Hath not man at his noblest
An air of something more than man?—
A hint of grace immortal,
Born of his greatly daring to assist the gods
In conquering these shaggy wastes,
These desert worlds,
And planting life and order in these stars?—
So Woman at her best:
Her eyes are bright with visions and with dreams
That triumph over time;
Her plumed thought, wing for wing, is mate with
The world rolls on from dream to dream,
And ’neath the vast impersonal revenges of its
Crushed fools that cried defeat
Lie dead amid the dust they prophesied—
Ye doubters of man’s larger destiny,
Ye that despair,
Look backward down the vistaed years,
And all is battle—and all victory!
Man fought, to be a man!
Through painful centuries the slow beast fought,
Blinded and baffled, fought to gain his soul;—
Wild, hairy, shag, and feared of shadows,
Yet the clouds
Made him strange signals that he puzzled o’er;—
Beast, child, and ape,
And yet the winds harped to him, and the sea
Rolled in upon his consciousness
Its tides of wonder and romance;—
Uncouth and caked with mire,
And yet the stars said something to him, and the
Declared itself a god;—
The lagging cycles turned at last
The pictures into thought,
Thought flowered in soul;—
But, oh, the myriad weary years
Ere Caliban was Shakespeare’s self
And Darwin’s ape had Darwin’s brain!—
The battling, battling, and the steep ascent,
The fight to hold the little gained,
The loss, the doubt, the shaken heart,
The stubborn, groping slow recovery!—
But looking backward toward the dim beginnings,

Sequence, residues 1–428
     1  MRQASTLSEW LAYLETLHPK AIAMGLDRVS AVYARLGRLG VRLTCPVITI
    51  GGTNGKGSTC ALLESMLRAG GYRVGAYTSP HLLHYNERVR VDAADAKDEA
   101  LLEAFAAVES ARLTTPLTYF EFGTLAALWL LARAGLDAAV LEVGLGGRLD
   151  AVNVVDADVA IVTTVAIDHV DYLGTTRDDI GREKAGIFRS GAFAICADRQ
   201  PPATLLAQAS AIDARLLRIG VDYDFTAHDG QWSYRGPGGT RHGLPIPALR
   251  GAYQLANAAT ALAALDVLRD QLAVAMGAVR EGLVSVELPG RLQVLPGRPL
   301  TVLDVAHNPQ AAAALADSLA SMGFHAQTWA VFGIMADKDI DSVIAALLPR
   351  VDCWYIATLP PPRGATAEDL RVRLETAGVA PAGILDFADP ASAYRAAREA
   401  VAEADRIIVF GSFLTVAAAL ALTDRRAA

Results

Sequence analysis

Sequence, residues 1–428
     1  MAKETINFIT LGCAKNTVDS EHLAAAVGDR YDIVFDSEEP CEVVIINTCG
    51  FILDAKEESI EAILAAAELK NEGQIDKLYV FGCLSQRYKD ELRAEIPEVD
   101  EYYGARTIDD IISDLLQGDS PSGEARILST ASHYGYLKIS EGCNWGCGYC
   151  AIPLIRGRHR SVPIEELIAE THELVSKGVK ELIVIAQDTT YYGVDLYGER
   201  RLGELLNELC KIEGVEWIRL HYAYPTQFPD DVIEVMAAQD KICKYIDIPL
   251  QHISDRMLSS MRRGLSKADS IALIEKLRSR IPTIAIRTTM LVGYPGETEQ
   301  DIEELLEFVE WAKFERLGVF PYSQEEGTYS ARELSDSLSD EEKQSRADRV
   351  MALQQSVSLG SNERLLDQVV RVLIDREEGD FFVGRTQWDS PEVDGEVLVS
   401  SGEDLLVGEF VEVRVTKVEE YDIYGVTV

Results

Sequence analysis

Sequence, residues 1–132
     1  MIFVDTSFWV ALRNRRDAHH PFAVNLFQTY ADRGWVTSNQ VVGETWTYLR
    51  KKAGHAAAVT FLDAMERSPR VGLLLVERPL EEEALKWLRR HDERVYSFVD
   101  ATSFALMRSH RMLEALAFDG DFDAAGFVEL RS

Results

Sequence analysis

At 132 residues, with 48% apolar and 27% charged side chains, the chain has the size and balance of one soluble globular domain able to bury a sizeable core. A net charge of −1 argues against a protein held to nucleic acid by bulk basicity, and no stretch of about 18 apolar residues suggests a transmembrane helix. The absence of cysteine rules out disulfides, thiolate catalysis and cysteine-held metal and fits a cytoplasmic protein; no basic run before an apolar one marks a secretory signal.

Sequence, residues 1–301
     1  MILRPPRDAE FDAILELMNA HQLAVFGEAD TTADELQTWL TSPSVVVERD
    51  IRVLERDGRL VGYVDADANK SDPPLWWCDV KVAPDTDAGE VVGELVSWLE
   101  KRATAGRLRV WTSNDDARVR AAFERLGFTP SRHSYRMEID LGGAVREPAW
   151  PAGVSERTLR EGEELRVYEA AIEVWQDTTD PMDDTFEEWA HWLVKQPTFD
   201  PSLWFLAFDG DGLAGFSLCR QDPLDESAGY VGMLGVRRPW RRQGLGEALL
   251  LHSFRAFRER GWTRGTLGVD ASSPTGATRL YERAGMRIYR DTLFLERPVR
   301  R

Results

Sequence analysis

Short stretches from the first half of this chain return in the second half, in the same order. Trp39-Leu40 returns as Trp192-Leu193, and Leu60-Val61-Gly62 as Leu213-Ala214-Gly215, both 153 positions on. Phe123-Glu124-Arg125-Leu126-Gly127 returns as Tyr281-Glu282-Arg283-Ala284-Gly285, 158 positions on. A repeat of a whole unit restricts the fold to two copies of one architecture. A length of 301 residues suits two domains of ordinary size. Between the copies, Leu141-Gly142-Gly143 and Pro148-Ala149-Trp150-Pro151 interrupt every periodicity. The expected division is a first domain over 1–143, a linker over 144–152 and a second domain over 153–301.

You that despair,
Hath he not climbed and conquered?
Look backward and all’s Victory!
What coward looks forward and foresees defeat?
Who climbed beside him, and who fought
And suffered and was glad?
Is she a lesser thing than he,
Who stained the slopes with bloody feet, or stood
Beside him on some hard-won eminence of hope
Exulting as the bold dawn swept
A harper hand along the ringing hills?
Flesh of his flesh, and of his soul the soul,
Hath she not fought, hath she not climbed?
And how is she a lesser thing?—
Nay, if she ever was
’Twas we that made her so, who called her queen
But kept her slave.
Had she not courage for the fight?
Hath she not courage for the years to come?
Hath she not courage who descends alone—
(How pitifully alone, except for Love!)
Where man’s thought even falters that would
Into the shadowy abyss
(Through vast and murmurous caverns dark with
And terrible with hovering wings),
To battle there with Death?—to battle
There with Death, and wrest from him,
O Conqueror and Mother,
Hath she too long dwelt dream-bound in the world
Unconscious of the sterner throes,
The more austere, impersonal, wide faith,
The urge that drives Christs to the cross
Not for the love of one beloved,
But for the love of all?
If so, she wakes!
Wakes and demands a share in all man’s bolder
The high, audacious ventures of the soul
That thinks to scale the bastioned slopes
And strike stark Chaos from his throne.
We still stand in the dawn of time.
Not meanly let us stand nor shaken with low
For there beyond the verge and margin of gray cloud
The future thrills with promise
And the skies are tremulous with golden light;—
She too would share those victories,
Comrade, and more than comrade;—
New times, new needs confront us now;
We must evolve new powers
To battle with;—
We must go forward now together,
Or perchance we fail!